Recent measles outbreak leads to controversy on vaccines

courtesy of Google

courtesy of Google

Hannah Dominguez, Staff Reporter

The Center of Disease Control (CDC) has released a 2019 report on the recent measles outbreak in the United States which has been reported in 11 states including California, New York, Colorado and Washington. The CDC says that the outbreak has been linked to travelers from foreign countries like Israel and Ukraine. They report that the majority of those infected with the virus were not vaccinated, and the virus can continue to spread from those traveling abroad or in communities that contain larger numbers of unvaccinated people.

The Washington Post recently released an article discussing how state authorities from several states are moving toward possibly requiring children to be vaccinated for certain illnesses. States like Arizona, Minnesota and Iowa are beginning to take serious measures regarding vaccinations. The recent measles outbreak has resulted in nearly 70 cases in Washington state alone, which is the worst outbreak the state has seen in two decades.

The argument against vaccinations is that they are “unnecessary.” A list of possible side effects are given for vaccinations on the CDC’s website, showing that the side effects of the vaccine depend on the disease. Some vaccinations can have more drastic effects while majority of them result in minor effects. The CDC says that the chance of detrimental effects from vaccinations are extremely low, yet some refuse to take the chance and remain unvaccinated. Some also argue that allowing your body to build a natural immunity to infections is better than getting vaccinated, but mild infections like chickenpox can be deadly and result in hospitalization.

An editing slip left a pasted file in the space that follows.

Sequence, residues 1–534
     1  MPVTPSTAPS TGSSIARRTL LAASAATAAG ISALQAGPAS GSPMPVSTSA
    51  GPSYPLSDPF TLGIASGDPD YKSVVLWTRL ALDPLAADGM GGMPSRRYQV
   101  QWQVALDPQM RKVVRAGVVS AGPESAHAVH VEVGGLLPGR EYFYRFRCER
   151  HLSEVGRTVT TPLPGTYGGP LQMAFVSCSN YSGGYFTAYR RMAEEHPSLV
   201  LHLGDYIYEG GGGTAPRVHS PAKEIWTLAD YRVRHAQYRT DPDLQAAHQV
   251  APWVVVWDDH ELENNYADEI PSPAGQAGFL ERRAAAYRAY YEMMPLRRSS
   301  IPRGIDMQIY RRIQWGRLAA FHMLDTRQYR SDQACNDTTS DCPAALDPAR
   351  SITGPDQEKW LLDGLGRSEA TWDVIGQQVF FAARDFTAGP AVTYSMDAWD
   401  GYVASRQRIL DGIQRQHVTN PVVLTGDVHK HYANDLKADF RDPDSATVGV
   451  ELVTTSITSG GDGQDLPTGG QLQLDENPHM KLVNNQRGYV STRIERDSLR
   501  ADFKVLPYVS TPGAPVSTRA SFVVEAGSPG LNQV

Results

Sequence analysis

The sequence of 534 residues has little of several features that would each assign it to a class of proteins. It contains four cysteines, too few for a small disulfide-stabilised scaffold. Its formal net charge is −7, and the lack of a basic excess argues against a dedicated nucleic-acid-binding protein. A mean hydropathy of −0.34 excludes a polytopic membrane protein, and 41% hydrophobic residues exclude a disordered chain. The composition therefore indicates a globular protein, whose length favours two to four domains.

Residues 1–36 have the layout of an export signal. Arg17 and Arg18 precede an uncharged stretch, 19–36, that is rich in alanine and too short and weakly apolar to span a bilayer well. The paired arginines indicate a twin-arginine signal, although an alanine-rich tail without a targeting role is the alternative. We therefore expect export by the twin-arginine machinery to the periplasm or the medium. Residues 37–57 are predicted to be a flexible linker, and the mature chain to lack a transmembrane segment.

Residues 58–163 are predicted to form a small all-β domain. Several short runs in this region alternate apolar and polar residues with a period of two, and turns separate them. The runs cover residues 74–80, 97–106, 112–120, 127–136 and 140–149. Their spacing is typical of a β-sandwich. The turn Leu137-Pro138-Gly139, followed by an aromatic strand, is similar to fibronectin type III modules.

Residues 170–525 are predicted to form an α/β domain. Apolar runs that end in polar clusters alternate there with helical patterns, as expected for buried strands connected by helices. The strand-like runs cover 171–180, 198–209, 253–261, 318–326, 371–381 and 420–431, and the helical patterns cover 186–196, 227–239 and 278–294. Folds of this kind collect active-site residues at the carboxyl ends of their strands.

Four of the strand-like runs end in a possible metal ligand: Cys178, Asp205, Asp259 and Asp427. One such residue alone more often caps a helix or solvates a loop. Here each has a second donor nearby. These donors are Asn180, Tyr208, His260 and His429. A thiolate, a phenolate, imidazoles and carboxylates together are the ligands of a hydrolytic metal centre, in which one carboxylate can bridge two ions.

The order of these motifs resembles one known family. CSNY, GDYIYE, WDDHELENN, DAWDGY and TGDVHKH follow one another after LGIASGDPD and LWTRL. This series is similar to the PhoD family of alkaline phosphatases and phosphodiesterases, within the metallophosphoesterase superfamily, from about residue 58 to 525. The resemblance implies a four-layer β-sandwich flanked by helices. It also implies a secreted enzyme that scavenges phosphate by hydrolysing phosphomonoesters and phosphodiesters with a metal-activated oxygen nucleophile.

An article published by the CDC on how vaccines work states that vaccines “reduce the risk of infection by working with the body’s natural defenses that safely develop immunity to diseases.” Once your body it exposed to the infection it begins to produce antibodies and T-lymphocytes, which are defensive white blood cells and can take a few weeks to produce. The vaccine allows the body to imitate the infection and cause symptoms like fever. The T-lymphocytes and B-lymphocytes remain in your body ready to fight against the infection if ever exposed to it again.

Vaccines are difficult to make because each must be carefully crafted for its particular virus or bacteria. Several factors must be considered when crafting a vaccine for a virus: how it infects the cell, the body’s response, the region in which the virus is affecting and environmental conditions that may have an impact. Some vaccines may even require more than one dose for your body to build maximum immunity to the virus and simply because some vaccines can wear off. In cases like these, the second dose is used to reinforce and increase the body’s immunity levels.